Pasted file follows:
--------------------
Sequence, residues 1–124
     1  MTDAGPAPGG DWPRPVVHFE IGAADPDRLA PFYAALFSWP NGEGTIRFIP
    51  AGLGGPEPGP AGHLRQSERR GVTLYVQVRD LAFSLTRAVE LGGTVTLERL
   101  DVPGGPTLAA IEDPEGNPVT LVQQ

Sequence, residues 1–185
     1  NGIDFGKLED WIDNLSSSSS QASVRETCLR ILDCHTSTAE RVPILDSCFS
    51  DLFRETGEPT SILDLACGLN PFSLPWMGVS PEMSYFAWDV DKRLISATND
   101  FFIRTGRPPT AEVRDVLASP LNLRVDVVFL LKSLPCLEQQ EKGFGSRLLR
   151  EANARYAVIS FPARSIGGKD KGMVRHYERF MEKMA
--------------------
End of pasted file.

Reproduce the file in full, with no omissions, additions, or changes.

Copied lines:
Sequence, residues 1–124
     1  MTDAGPAPGG DWPRPVVHFE IGAADPDRLA PFYAALFSWP NGEGTIRFIP
    51  AGLGGPEPGP AGHLRQSERR GVTLYVQVRD LAFSLTRAVE LGGTVTLERL
   101  DVPGGPTLAA IEDPEGNPVT LVQQ

Sequence, residues 1–185
     1  NGIDFGKLED WIDNLSSSSS QASVRETCLR ILDCHTSTAE RVPILDSCFS
    51  DLFRETGEPT SILDLACGLN PFSLPWMGVS PEMSYFAWDV DKRLISATND
   101  FFIRTGRPPT AEVRDVLASP LNLRVDVVFL LKSLPCLEQQ EKGFGSRLLR
   151  EANARYAVIS FPARSIGGKD KGMVRHYERF MEKMA